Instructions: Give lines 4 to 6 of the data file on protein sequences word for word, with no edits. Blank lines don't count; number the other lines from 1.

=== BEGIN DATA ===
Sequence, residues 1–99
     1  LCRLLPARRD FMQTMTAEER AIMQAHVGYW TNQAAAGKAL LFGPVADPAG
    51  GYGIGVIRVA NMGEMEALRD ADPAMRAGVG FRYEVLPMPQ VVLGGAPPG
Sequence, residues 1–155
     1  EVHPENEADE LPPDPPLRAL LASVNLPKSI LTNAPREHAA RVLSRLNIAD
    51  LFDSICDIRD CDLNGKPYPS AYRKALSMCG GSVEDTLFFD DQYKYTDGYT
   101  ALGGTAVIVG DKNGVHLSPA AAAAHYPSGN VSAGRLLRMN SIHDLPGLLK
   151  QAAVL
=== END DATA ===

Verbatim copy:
Sequence, residues 1–155
     1  EVHPENEADE LPPDPPLRAL LASVNLPKSI LTNAPREHAA RVLSRLNIAD
    51  LFDSICDIRD CDLNGKPYPS AYRKALSMCG GSVEDTLFFD DQYKYTDGYT